Thursday, June 3, 2010

The Beast

Warning: this post contains graphic tales about spiders with anger issues. If you have a fear of arachnids, I recommend that you choose a post from the Crochet section on the right.

Oh Emm Gee, as the cool kids say.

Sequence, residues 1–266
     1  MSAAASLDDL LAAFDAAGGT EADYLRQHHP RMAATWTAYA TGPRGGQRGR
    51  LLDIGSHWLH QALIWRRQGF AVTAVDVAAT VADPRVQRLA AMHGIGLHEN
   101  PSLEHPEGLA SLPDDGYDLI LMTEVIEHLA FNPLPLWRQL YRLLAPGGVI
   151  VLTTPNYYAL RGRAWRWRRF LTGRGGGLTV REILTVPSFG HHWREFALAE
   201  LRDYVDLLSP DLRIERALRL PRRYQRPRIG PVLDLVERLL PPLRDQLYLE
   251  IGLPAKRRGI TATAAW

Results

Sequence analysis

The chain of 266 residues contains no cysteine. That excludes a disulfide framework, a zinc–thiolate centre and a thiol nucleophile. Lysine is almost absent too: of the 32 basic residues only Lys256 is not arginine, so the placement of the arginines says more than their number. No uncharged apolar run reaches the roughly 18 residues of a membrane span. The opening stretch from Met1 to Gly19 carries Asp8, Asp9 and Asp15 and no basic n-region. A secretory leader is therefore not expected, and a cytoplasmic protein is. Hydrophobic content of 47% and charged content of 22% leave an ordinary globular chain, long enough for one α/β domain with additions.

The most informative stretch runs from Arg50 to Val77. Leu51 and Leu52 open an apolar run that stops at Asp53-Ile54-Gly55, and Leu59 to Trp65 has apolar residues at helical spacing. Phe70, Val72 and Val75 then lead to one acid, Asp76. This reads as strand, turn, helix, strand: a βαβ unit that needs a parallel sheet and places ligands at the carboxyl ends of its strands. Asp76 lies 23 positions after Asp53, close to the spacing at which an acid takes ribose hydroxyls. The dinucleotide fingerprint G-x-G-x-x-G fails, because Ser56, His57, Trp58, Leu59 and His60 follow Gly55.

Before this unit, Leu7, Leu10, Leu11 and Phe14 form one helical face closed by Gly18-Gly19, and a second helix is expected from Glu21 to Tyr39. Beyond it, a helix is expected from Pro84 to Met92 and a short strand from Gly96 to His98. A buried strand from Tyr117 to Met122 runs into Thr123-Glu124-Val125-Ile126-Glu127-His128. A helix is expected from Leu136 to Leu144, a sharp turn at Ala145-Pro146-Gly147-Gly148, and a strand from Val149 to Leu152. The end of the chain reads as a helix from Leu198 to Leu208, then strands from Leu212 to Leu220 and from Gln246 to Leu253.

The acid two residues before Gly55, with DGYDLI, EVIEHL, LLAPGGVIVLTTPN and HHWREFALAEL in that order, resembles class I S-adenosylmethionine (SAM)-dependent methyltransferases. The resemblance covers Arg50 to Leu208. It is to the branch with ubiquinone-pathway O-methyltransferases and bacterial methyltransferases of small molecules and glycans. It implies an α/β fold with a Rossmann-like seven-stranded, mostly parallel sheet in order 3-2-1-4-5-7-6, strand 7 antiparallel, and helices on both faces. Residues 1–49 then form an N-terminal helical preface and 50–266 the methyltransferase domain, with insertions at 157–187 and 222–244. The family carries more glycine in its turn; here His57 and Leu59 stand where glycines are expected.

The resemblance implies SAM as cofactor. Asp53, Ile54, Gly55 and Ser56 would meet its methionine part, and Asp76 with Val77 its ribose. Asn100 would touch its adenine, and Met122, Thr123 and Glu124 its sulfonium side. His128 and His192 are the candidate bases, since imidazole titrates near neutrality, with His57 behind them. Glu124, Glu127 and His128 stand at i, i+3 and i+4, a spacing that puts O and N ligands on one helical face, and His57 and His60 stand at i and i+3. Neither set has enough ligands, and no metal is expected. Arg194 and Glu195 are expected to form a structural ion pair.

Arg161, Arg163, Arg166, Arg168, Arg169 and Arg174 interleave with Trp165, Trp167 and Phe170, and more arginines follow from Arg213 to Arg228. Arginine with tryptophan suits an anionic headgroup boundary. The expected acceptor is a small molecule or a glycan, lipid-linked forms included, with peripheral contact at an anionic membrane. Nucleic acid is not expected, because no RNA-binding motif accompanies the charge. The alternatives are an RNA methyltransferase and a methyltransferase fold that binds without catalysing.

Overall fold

Yesterday afternoon I was sitting in my parents' sitting room, overdosing on satellite TV (we don't have a television in the Gingerbread House, so I get terribly excited about my parents' 500 channels. I greedily gobble up re-runs of Friends, advertisements for car insurance and reality TV. In fact, I spend hours looking at programmes about other people renovating houses, which is quite sad because I actually flew 1600 kilometres to get away from builder's dust and paint. It just looks so much easier when someone's doing it on the telly.) Anyway, I was sitting in front of the box, transfixed, watching a strident English woman distress a chest of drawers, when I heard a ferocious buzzing from the window sill behind me. I whipped my head around just in time to see an ENORMOUS spider matter-of-factly wrap a big fly in its sticky thread. The fly was buzzing frantically, trying to attract my attention (I think), but I was too scared to intervene. That spider meant business, and I could see by the steely look in its eye(s) that he wasn't open to hostage negotiation. He finished his wrapping and used a hairy leg to push the fly down into the crack between the window sill and the glass pane. Still watching me, he disappeared down into his hidey-hole and left me, shuddering, in front of the TV.